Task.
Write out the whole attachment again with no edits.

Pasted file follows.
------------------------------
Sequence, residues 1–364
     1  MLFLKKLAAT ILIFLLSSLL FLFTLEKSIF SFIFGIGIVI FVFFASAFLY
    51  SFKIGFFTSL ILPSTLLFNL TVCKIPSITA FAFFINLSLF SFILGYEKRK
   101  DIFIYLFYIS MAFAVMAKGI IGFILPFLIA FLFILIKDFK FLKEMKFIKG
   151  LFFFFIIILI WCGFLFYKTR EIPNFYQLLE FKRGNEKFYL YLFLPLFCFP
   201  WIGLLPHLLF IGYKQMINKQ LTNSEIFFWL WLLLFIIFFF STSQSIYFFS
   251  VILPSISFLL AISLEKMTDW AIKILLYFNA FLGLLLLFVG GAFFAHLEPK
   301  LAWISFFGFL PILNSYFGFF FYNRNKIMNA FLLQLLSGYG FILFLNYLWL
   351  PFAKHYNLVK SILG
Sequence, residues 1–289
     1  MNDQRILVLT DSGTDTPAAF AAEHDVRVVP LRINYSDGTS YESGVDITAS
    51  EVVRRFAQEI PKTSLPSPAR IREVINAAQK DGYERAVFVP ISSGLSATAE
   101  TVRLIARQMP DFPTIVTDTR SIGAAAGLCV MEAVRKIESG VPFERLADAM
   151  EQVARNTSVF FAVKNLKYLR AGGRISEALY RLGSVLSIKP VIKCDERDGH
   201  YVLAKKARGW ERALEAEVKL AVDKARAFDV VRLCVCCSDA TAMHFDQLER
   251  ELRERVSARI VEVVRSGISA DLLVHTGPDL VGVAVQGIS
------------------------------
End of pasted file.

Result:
Sequence, residues 1–364
     1  MLFLKKLAAT ILIFLLSSLL FLFTLEKSIF SFIFGIGIVI FVFFASAFLY
    51  SFKIGFFTSL ILPSTLLFNL TVCKIPSITA FAFFINLSLF SFILGYEKRK
   101  DIFIYLFYIS MAFAVMAKGI IGFILPFLIA FLFILIKDFK FLKEMKFIKG
   151  LFFFFIIILI WCGFLFYKTR EIPNFYQLLE FKRGNEKFYL YLFLPLFCFP
   201  WIGLLPHLLF IGYKQMINKQ LTNSEIFFWL WLLLFIIFFF STSQSIYFFS
   251  VILPSISFLL AISLEKMTDW AIKILLYFNA FLGLLLLFVG GAFFAHLEPK
   301  LAWISFFGFL PILNSYFGFF FYNRNKIMNA FLLQLLSGYG FILFLNYLWL
   351  PFAKHYNLVK SILG
Sequence, residues 1–289
     1  MNDQRILVLT DSGTDTPAAF AAEHDVRVVP LRINYSDGTS YESGVDITAS
    51  EVVRRFAQEI PKTSLPSPAR IREVINAAQK DGYERAVFVP ISSGLSATAE
   101  TVRLIARQMP DFPTIVTDTR SIGAAAGLCV MEAVRKIESG VPFERLADAM
   151  EQVARNTSVF FAVKNLKYLR AGGRISEALY RLGSVLSIKP VIKCDERDGH
   201  YVLAKKARGW ERALEAEVKL AVDKARAFDV VRLCVCCSDA TAMHFDQLER
   251  ELRERVSARI VEVVRSGISA DLLVHTGPDL VGVAVQGIS